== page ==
|English Press • By Mia • 0 Comments|
from Rotten Tomatoes / by Alex Vo
The French actress discusses her future plans, including movies and awards season.
There’s worse ways to achieve household name status than by acting out Edith Piaf’s life story. Marion Cotillard’s roles in A Very Long Engagement and Ridley Scott’s box office flop A Good Year gave her recognition in certain filmgoing circles, but its Cotillard’s total transformation in La Vie en Rose as the French singer, now out on DVD, that has drawn unanimous praise from critics and audiences alike, culminating with an Oscar nomination for Best Actress. We caught up with the actress in San Francisco, chatting about Edith Piaf’s impact on contemporary France, and Cotillard’s upcoming projects, including Nine, a remake of 8½ by Rob Marshall.
Previously, you’ve said that your roles in the Taxi movies made it difficult to be taken seriously as an actress. Does the Oscar and Cesar nominations for La Vie en Rose validate your efforts?
Marion Cotillard: I had my validation before this. Taxis are very big commercial movies and in France, in the business, they’re not so serious. So you have to prove that you’re an actor. I think “it” happened when I did the Jean-Pierre Jeunet movie, A Very Long Engagement. The role [was] fantastic. And they gave me a Cesar for nine minutes in the film. So that changed everything for me.
America has mostly recognized La Vie en Rose for your performance, while France is more recognizing the movie as a whole.
MC: I’m so happy that the movie was successful in France, that it was successful here, that it was successful almost everywhere we released it. That’s what is exciting. And it’s going to be exciting to have 11 Cesar nominations. Of course, also very exciting to have the Oscar nomination. You don’t expect to be at the Oscars for a French movie. Let’s say that having an Oscar nomination is very special and more unique than a Cesar.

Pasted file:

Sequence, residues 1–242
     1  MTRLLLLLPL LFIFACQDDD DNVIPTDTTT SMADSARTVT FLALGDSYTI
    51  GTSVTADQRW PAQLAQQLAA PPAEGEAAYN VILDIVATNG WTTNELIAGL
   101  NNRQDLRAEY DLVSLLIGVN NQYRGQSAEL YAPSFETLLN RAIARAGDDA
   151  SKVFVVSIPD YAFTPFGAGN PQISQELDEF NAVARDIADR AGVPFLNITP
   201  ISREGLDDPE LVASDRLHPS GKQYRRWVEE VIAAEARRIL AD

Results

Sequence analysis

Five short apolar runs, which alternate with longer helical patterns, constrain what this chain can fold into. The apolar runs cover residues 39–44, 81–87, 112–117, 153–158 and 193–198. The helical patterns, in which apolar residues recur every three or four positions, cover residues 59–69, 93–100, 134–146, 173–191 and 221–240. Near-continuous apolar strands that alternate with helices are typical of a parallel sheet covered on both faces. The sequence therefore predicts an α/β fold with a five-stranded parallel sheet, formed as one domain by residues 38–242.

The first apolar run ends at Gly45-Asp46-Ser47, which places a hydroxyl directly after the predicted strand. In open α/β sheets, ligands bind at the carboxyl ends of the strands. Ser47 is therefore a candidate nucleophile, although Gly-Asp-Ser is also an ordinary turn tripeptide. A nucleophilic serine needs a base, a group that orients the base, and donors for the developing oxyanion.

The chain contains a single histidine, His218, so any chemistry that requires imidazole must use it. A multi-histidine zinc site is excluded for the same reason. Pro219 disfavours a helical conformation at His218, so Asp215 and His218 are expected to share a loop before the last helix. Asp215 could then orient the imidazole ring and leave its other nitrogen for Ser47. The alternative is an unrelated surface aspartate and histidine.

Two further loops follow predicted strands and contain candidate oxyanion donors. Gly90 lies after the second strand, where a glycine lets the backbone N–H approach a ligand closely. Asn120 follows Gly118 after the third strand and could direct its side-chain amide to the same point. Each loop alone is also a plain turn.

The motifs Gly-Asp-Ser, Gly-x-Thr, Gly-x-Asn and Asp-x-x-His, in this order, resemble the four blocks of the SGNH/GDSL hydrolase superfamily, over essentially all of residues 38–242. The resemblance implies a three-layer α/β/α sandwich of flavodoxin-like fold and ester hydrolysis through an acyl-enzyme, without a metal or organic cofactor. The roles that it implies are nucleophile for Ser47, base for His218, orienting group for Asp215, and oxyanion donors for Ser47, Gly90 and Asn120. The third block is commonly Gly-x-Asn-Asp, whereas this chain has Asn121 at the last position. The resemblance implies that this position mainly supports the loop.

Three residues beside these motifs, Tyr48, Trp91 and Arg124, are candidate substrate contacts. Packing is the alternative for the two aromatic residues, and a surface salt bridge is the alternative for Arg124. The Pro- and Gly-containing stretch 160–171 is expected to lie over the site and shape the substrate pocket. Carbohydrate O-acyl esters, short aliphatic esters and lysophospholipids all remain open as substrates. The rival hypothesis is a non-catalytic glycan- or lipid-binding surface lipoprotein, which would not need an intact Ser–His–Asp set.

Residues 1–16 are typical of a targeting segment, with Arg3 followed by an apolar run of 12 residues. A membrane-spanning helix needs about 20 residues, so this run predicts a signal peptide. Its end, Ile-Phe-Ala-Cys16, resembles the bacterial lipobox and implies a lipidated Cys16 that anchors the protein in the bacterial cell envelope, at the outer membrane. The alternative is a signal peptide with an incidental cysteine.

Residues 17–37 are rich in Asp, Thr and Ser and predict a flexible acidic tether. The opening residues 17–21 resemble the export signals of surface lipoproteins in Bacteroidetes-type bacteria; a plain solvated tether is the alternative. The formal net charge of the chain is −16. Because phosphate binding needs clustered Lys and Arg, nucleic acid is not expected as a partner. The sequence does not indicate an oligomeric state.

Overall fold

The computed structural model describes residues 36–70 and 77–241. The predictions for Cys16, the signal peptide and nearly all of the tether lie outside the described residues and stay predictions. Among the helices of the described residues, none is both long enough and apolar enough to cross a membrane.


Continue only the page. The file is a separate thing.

Beyond the script, when did everyone know they had something big on their hands?
MC: When we finished the movie in May 2006 and showed 10 minutes in Cannes. The buzz was huge after those 10 minutes. And it never went down. That was five months before the movie was to be released so it was a very long time ago.
Even on the set we knew something was going on. There was something very special about the movie that we couldn’t share exactly. [We couldn’t] say this at that time because you don’t want to break the spell.
Did that happen with previous movies?
MC: It’s hard to compare. It was the first time I’ve jumped and dived [into a role].
For La Vie en Rose, you didn’t do much rehearsing. Is that typical?
MC: It depends on the role. I don’t stick to special techniques, conscious techniques. I let myself instinctively go [and find the] best way to work. So it changes all the time.
Your family encouraged creativity and the arts. Did the instinctual process come from that upbringing?
MC: Yeah! Every story is different, every movie is different, every director is different. That’s what I like so I couldn’t work with the same technique all the time.
What kind of music do you listen to when you prepare to act?
MC: It depends on the character. When I have a character I have a playlist. I’ve used Piaf for three movies. It’s a little bit of classical music, it’s a little bit of Radiohead. Songs you couldn’t imagine that I would listen to. Songs that I loved as a teenager that moved me.
What influence does Edith Piaf have on contemporary French culture?
MC: We have the American Idols. And we have several shows on TV with young people who sing and every year they sing Piaf. I think that emotion and good stories can cross the times. And her songs probably cross the times.
You were recently cast in Michael Mann’s Public Enemies. What can you say about that?
MC: What I can tell you [is that] what I have to do in that movie makes La Vie en Rose seem like a piece of cake.
What’s the status on Nine? Was it shut down by the strike?
MC: I think they’ve gone back to work because they have a waiver. I hope we can shoot that at the end of the year.
Now that you have American movies coming out, what kind of roles are you searching for here?
MC: I’m looking for good stories. But I don’t have at the present time a specific desire. What I need is to do something totally different, each time. That’s what I love.
Which sort of directors are you looking to work with?
MC: A lot. But I can’t say names. [Laughs.]